Instructor: Dr. Marianna BOLLA

Contact details of lecturer:

Prerequisite: Undergraduate Calculus

Course description
Statistics teaches us how to behave in the face of uncertainties, according to the famous mathematician Abraham Wald. Roughly speaking, we will learn strategies of treating chances in everyday life. The main concept is that our inference is based on a randomly selected sample from a large population, and hence, our observations are treated as random variables. Applications are also discussed, mainly on a theoretical basis, but we make the students capable of solving numerical exercises by choosing the most convenient method for a given real-life problem.


  1. Short introduction to probability theory (sample spaces, random variables, notable distributions, Bayes rule, laws of large numbers, Central Limit Theorem).
  2. Descriptive study of data. Statistical sample, basic statistics, histograms.
  3. Basic concepts of testing hypotheses and estimation theory.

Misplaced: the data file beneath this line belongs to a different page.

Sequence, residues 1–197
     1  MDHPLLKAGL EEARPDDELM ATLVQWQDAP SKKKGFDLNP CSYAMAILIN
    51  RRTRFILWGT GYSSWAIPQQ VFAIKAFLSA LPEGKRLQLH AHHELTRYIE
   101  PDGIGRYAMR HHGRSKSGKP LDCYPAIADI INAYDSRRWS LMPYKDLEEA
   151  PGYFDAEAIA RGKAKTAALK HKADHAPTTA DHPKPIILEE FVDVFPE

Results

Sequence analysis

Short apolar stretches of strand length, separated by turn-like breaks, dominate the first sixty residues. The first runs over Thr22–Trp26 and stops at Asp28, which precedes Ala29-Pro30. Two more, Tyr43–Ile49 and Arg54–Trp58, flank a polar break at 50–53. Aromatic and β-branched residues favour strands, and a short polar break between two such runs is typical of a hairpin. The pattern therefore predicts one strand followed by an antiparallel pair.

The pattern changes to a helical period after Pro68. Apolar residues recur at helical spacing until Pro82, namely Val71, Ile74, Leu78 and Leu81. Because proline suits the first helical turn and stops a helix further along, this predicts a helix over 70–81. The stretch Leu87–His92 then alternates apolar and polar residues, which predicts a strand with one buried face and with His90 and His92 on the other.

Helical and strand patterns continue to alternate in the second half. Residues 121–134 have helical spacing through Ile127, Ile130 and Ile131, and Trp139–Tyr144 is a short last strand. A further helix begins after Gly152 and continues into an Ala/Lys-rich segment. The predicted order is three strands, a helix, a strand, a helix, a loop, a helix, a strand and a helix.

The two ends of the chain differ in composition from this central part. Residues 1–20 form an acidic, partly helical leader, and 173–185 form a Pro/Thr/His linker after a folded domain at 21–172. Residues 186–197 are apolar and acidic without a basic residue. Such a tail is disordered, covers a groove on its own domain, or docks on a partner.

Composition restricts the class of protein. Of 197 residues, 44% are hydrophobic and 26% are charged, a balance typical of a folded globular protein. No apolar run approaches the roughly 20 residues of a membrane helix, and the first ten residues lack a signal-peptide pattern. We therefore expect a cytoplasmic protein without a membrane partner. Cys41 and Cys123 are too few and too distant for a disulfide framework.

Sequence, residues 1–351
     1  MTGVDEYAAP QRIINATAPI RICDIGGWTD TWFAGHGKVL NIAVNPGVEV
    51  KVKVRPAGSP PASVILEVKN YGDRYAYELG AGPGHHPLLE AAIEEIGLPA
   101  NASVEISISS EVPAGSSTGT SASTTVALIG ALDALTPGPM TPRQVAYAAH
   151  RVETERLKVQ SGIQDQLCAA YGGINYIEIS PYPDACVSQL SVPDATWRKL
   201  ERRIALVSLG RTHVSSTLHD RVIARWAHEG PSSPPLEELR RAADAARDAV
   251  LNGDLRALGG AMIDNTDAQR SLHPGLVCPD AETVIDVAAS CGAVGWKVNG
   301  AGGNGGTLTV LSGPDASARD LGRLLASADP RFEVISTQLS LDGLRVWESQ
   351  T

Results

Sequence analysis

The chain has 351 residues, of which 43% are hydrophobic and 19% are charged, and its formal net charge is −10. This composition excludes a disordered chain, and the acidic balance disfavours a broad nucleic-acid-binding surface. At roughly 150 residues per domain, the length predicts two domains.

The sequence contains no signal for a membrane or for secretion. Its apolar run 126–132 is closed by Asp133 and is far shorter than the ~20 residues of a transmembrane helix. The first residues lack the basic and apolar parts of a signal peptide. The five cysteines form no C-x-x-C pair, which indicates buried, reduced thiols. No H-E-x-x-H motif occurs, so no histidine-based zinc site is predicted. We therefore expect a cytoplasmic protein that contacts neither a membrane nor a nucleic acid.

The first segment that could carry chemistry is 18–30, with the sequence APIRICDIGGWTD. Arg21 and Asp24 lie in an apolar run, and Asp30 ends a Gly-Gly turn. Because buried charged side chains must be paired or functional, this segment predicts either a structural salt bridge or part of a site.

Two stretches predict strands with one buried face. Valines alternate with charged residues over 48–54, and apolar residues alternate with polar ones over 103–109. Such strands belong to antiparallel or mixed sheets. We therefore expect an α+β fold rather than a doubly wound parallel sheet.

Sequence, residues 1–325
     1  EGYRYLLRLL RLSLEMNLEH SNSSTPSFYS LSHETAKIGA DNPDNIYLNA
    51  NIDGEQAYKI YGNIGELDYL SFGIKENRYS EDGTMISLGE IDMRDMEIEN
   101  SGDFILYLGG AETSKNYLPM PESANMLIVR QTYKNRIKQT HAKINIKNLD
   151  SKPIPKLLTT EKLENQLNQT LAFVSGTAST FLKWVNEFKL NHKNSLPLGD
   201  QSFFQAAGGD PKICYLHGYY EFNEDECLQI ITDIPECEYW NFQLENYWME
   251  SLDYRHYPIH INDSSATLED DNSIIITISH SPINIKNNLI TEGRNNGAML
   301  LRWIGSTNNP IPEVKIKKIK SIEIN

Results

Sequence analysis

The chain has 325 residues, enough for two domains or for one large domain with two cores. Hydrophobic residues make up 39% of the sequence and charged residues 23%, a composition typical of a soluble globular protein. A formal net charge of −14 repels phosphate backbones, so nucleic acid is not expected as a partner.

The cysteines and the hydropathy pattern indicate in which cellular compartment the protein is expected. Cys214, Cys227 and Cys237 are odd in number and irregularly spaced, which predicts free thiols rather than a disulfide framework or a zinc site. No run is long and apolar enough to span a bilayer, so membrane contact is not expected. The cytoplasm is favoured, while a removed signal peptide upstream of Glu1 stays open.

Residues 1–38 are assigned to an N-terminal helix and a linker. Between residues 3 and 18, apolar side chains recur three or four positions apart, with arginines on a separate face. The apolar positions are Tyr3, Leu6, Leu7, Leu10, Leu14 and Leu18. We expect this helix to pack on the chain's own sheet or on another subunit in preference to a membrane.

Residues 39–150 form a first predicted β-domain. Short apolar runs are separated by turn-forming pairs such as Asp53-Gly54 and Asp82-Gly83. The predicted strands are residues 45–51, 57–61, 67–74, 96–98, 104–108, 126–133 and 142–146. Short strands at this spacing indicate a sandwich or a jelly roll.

4. Methods of point estimation, properties of the estimators, confidence intervals.
  5. Inferences about a population, theory and applications.
  6. Parametric inference: comparing two treatments (Z, t, F tests).
  7. Nonparametric inference: Wilcoxon test and chi-square test.
  8. Analyzing categorized data (contingency tables).
  9. Introduction to linear models: regression analysis (linear regression, correlation, model fitting) and analysis of variance.
  10. If time permits, we will cover the following topics too: sufficiency, efficiency, consistency, Neyman-Fisher factorization, Neyman-Pearson theorem.

Assignments, grading: homeworks, midterm test, and final exam make up 40%, 20%, and 40% of the final grade, respectively. The final grade as the function of the total (maximum 100) points is the following. Below 45: F, 46-49: D, 50-56: C+, 57-63: B-, 64-70: B, 71-77: B+, 78-84: A-, 85-91: A, 92-100: A+.